I couldn’t even summon up the courage to make the appointment. Having to deal with being pregnant, and everything that’s attached to being a “church girl”, unmarried and pregnant, having to make an appointment just meant facing another mountain. It meant that it was real. Until then, I had nothing to confirm that inside me, my Noah was being formed and shaped. I couldn’t see him from the outside so at times when I wanted to ignore the reality of what was actually happening to me and the massive amount of drama I was about to cause for everyone in my life, I could tune out. Making an appointment meant admitting my shortfall. It meant facing the consequence of my actions and accepting my plunge into motherhood.

The only stipulation I made was that I wanted it to be a female doctor. Matt called the switchboard at the hospital closest to us. (Bless his heart, he’s always been the one to step up when I just couldn’t fathom it. Love him.) He asked if he could make an appointment with one of the doctors for a pre-natal check-up. The lady on the switchboard said that she didn’t think we would get an appointment for at least a month but she put us through anyway. On the other side of the phone, the receptionist told us that she had a cancellation for 13 March and she could fit us in. We booked and I had two weeks to prepare myself.

It’s here that looking back, I begin to see God’s hand guiding me when I felt He was the furthest away. I had pushed Him so far out of my life, I didn’t even think He cared because I’d failed Him so greatly. I landed a doctor, RANDOMLY or not so randomly, who loved Jesus. Out of all the doctors in the hospital, I got her.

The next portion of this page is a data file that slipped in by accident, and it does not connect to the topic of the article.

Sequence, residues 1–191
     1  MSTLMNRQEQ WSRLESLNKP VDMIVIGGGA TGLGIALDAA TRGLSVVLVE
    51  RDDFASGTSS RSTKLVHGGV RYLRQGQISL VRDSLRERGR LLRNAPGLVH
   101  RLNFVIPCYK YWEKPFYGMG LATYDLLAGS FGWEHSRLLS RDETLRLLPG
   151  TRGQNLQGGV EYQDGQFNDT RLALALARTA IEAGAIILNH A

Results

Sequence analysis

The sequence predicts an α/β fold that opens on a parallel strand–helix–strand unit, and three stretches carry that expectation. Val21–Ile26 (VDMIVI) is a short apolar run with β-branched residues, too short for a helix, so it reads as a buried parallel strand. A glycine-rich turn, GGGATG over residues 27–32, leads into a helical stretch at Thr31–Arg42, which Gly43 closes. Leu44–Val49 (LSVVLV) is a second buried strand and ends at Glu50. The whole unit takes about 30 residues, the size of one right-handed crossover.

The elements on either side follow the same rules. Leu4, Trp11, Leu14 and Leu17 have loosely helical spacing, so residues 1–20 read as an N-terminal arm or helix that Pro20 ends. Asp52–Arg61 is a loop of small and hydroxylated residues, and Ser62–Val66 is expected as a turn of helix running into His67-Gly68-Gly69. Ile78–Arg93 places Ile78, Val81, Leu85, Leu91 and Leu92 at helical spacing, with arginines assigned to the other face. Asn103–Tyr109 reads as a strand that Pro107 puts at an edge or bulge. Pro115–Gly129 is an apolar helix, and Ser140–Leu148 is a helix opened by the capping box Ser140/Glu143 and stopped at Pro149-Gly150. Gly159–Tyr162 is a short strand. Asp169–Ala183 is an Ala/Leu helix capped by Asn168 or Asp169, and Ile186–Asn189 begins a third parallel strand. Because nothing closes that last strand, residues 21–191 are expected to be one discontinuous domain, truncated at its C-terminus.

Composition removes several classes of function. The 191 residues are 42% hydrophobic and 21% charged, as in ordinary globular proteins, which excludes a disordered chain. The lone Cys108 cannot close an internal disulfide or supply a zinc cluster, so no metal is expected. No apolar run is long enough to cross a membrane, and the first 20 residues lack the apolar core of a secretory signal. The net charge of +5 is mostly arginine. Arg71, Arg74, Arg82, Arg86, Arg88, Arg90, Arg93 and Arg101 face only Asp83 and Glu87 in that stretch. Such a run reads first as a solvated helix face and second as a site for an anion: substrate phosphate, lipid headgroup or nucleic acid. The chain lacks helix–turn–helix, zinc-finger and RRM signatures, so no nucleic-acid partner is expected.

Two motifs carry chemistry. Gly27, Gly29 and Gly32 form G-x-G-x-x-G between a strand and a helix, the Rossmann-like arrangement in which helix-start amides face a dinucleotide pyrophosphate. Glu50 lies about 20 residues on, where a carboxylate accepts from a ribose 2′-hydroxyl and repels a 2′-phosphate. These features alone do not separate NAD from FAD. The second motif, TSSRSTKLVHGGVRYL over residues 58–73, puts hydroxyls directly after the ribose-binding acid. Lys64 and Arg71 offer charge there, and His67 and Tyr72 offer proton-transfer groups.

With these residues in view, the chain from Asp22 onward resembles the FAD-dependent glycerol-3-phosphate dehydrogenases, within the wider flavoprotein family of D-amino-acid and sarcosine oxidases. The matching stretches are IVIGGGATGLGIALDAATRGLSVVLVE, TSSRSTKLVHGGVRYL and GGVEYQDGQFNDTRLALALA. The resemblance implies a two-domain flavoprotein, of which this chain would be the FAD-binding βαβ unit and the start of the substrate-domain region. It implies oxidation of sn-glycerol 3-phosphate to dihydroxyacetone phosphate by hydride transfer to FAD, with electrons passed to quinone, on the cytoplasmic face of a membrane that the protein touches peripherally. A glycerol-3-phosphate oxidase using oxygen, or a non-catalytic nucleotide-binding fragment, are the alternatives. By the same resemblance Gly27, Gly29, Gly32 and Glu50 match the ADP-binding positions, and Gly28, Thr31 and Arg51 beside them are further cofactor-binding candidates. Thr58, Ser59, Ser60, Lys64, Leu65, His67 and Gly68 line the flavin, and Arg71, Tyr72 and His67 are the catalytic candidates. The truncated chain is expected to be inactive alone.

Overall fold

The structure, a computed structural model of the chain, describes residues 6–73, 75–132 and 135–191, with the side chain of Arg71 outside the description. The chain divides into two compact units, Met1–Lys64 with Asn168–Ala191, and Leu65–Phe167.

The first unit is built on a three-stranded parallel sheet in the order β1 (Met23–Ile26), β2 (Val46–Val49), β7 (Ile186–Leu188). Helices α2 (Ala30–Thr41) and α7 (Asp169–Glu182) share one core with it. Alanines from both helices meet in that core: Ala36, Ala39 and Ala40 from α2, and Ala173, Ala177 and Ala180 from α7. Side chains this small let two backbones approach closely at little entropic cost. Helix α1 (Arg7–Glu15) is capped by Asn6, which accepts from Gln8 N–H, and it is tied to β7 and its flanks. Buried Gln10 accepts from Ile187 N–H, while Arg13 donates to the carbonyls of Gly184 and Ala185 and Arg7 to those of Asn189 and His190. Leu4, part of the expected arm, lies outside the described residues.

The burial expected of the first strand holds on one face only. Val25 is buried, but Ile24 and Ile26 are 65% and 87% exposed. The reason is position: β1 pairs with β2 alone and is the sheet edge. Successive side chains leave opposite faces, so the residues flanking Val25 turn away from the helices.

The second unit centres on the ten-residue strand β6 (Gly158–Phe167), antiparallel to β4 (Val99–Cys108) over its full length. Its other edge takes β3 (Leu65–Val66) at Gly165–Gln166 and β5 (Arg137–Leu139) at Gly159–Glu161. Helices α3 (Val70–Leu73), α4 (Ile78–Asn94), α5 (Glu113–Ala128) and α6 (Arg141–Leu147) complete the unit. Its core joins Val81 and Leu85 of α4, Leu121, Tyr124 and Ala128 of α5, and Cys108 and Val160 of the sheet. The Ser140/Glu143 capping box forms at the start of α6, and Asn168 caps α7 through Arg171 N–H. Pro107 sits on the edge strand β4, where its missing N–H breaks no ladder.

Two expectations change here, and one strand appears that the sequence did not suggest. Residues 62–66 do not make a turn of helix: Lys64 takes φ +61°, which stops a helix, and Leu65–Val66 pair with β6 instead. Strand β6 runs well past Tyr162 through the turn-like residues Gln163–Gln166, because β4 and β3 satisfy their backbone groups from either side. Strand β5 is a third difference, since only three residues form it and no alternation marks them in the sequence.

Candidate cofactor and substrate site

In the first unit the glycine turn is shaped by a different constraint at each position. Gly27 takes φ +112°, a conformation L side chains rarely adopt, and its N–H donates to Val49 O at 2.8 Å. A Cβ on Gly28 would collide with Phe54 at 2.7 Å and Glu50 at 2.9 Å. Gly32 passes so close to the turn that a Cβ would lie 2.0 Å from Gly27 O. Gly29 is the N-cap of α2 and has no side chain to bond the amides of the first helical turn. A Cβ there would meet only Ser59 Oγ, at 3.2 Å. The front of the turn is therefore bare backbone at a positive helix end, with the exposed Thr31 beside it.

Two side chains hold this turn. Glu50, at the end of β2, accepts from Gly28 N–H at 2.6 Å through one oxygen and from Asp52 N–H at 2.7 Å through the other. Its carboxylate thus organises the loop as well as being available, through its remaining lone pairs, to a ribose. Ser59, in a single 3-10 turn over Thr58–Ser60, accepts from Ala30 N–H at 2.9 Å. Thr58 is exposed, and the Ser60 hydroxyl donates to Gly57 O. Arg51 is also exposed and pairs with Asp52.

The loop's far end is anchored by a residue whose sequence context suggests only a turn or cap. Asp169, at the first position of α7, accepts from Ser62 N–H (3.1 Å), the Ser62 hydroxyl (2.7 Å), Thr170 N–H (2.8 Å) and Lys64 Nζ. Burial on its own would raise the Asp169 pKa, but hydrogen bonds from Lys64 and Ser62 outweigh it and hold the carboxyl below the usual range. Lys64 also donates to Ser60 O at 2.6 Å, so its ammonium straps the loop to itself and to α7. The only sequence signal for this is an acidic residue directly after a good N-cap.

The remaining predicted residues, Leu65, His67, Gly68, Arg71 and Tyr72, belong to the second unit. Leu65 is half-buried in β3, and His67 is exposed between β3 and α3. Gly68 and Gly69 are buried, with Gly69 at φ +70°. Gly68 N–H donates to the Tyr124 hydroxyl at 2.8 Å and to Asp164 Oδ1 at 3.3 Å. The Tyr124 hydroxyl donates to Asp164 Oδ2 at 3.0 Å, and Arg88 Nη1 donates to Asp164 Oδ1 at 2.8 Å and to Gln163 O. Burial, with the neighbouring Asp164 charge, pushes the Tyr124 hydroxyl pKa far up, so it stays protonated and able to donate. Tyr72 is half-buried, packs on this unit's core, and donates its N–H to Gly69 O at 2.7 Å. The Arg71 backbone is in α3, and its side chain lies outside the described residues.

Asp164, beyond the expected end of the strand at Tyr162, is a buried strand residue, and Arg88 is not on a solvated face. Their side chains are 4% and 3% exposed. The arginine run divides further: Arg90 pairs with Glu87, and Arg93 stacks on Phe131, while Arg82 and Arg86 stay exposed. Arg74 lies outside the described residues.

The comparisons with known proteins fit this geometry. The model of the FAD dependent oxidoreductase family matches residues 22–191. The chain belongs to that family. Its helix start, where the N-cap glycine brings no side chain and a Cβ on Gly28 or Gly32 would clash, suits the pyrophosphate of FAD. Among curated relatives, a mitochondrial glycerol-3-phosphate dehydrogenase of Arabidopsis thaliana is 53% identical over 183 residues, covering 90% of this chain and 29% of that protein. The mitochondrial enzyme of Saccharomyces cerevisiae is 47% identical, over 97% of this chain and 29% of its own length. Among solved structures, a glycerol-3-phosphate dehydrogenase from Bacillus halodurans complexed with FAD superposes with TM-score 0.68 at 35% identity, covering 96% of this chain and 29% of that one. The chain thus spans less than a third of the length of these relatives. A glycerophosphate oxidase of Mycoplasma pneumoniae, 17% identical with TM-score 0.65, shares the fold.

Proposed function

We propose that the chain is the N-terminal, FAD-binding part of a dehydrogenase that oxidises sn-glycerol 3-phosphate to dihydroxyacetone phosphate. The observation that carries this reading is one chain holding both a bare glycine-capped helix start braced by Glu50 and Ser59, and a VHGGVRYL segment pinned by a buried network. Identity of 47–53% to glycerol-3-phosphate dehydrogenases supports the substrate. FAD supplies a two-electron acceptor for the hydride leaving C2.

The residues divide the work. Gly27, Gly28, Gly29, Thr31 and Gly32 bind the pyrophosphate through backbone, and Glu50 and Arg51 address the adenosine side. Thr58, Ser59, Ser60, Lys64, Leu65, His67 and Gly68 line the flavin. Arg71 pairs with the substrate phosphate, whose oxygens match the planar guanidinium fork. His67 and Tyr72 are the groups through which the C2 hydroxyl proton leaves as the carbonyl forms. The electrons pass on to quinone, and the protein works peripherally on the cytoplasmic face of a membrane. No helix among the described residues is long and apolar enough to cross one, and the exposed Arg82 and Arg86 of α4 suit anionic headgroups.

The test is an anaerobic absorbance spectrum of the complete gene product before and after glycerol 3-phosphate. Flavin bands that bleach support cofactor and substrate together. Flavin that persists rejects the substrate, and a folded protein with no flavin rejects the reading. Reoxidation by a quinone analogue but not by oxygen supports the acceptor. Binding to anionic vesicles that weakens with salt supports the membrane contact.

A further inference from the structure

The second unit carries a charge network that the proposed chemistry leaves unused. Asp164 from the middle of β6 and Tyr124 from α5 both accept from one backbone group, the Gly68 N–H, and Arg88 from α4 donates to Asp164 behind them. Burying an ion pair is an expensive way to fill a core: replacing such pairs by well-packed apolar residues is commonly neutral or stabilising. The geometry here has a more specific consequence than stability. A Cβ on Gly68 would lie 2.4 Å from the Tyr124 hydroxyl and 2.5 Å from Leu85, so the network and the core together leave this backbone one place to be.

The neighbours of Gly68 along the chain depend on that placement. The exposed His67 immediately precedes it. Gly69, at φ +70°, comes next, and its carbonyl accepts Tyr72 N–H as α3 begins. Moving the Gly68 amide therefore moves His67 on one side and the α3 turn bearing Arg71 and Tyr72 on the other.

On 13 March 2009, my first real ante-natal scan and check-up, I met this lady who was the first person to tell me, to my face, that God doesn’t make mistakes. Every single birth is miraculous. Every baby is a blessing. She didn’t know my story (she never did know my story, I never got to tell her) and she didn’t know what I was walking through BUT she was a voice of calm in my life. She was my voice of reassurance. I think it was my eight month check-up, I was walking out and she gave me a hug, held me at arm’s length and said to me “I just wanted to tell you that I see you. And more than I see you, Jesus sees you. Noah is coming, and you can’t do anything about that (she always was really straight forward! HA HA) but we’re a team. I might deliver him to you on this earth, but Noah really is a delivery from the Saviour. God chose you to be his mother, not for any other time, but for right now. Never forget that.”  That changed my life.

Thank you for being one of the many miracles on my journey. Thank you for never asking me any questions but listening to your heart, offering me words and shoulders and hugs when you could feel I was wilting. Considering the timing of our meeting and the role you played in my life I never doubt how intimately Jesus is involved in my life. Even today.

Me:  A guilt-ridden, shame-soaked girl, struggling to keep her head up.